Happy and unhappy numbers have been studied extensively. For example, it is well-known that there are infinitely many types of both. It is also known that most integers are unhappy. Unfortunately, there is no simple formula that determines if a number is happy or unhappy other than applying the algorithm. Fortunately, the algorithm is fast. For instance, if you start with a number 100 digits long and compute the sum of its squared digits, the next number will be at most four digits long.

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Submit a Comment

• Jack Lee 3 months ago from Yorktown NY

Very interesting hub. Never heard of these number sequences. Are there any practical uses for these sequences?

• Author

TR Smith 3 months ago from Germany

Hi Jack, thanks for the comment. Not all the sequences have common applications outside of mathematics, but there is something called the "generalized pentagonal numbers" where you run the regular pentagonal number sequence backwards and calculate the negative terms and then include them in the original sequence. It turns out you can calculate partitions of numbers with a recurrence relation involving generalized pentagonal numbers.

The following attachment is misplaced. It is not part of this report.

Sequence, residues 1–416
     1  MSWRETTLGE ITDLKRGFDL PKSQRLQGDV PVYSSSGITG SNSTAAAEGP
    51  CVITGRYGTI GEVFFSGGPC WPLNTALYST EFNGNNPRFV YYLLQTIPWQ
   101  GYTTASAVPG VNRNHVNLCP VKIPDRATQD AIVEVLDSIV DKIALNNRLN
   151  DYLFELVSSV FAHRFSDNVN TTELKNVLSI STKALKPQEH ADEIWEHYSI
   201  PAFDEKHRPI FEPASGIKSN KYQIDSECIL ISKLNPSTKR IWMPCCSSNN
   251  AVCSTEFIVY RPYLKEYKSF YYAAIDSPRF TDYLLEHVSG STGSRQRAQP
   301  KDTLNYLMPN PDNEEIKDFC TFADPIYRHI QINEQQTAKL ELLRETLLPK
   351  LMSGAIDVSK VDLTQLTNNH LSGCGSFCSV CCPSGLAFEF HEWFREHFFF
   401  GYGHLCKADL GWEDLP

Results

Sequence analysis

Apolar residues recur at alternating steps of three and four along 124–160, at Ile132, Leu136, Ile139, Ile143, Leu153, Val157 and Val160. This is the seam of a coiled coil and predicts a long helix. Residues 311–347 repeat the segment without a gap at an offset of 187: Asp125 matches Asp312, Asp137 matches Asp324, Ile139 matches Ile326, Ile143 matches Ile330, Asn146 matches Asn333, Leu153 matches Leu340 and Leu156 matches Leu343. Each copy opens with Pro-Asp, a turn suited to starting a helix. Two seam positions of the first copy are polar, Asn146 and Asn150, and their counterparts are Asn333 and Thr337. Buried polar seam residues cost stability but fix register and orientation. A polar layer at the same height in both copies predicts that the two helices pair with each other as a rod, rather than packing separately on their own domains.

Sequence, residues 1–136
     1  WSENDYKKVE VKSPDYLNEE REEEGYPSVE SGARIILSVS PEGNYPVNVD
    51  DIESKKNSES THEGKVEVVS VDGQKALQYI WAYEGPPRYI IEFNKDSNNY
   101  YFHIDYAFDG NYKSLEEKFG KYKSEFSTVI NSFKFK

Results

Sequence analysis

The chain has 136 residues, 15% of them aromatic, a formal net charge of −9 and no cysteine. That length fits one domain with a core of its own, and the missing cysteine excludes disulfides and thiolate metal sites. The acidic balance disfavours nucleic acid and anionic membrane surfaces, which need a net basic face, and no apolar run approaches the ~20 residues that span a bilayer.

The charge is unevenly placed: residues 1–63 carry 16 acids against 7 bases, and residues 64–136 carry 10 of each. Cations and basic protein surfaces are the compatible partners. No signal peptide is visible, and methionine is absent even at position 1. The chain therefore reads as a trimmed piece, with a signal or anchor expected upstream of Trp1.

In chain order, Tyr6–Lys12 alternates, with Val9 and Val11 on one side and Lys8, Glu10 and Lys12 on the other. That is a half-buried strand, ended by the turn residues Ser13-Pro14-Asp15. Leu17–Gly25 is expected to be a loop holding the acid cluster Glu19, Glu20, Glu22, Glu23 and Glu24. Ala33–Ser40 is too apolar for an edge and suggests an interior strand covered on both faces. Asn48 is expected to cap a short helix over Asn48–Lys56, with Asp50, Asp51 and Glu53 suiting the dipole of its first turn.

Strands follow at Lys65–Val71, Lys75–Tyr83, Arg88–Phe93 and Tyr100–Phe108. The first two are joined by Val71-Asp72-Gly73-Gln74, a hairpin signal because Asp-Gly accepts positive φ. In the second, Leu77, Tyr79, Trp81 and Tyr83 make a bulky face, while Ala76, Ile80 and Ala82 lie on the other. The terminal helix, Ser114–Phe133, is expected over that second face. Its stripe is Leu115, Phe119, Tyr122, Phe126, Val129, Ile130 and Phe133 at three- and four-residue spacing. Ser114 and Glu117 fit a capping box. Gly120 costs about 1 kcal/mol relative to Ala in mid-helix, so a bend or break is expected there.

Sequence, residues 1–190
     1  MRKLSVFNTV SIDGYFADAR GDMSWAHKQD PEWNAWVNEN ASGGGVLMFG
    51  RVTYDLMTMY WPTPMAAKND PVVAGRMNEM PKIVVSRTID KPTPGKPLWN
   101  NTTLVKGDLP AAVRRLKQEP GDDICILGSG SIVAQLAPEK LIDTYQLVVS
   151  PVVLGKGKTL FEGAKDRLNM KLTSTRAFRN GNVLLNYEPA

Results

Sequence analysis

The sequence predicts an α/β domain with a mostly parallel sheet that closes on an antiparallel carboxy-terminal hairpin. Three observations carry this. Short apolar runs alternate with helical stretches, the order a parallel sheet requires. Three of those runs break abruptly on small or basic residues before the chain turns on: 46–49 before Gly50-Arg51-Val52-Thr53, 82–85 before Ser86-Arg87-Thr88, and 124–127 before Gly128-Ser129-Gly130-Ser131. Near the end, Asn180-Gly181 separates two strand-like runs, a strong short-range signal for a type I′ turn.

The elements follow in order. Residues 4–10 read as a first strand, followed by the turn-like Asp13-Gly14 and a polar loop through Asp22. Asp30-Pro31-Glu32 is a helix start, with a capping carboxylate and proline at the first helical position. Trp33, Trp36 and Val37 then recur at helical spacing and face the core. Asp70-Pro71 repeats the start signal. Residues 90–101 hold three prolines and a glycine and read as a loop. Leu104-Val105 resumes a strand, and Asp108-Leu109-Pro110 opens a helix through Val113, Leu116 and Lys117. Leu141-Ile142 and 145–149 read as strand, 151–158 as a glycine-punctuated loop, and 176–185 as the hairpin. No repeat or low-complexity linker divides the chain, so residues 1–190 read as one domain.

• Dirk 3 months ago

What is this sequence called, it's in my math book:

1, 1, 1, 3, 5, 9, 17, 31, 57, 105, 193,...

How do you get the next number?

• Author

TR Smith 3 months ago from Germany

Hi Dirk, that sequence is called the tribonacci sequence, a portmanteau of "tri" and "Fibonacci." Each term is the sum of the three previous terms (instead of two, as in the Fibonacci sequence). The next term is 57 + 105 + 193 = 355.

In some sources the tribonacci sequence starts with {0, 1, 1} instead of {1, 1, 1}. If you initialize it like that, the terms are 0, 1, 1, 2, 4, 7, 13, 24, 44, 81, 149, 274, 504, 927, 1705,...

• katz 3 months ago

i am studying fibonacci/lucas type series such as

3, 1, 4, 5, 9, 14, 23, 37, 60, and

3, 2, 5, 7, 12, 19, 31, 50, 81

where i use different initial conditions from the standard 1 and 1. i would like to know if any of these have special names as the lucas series does.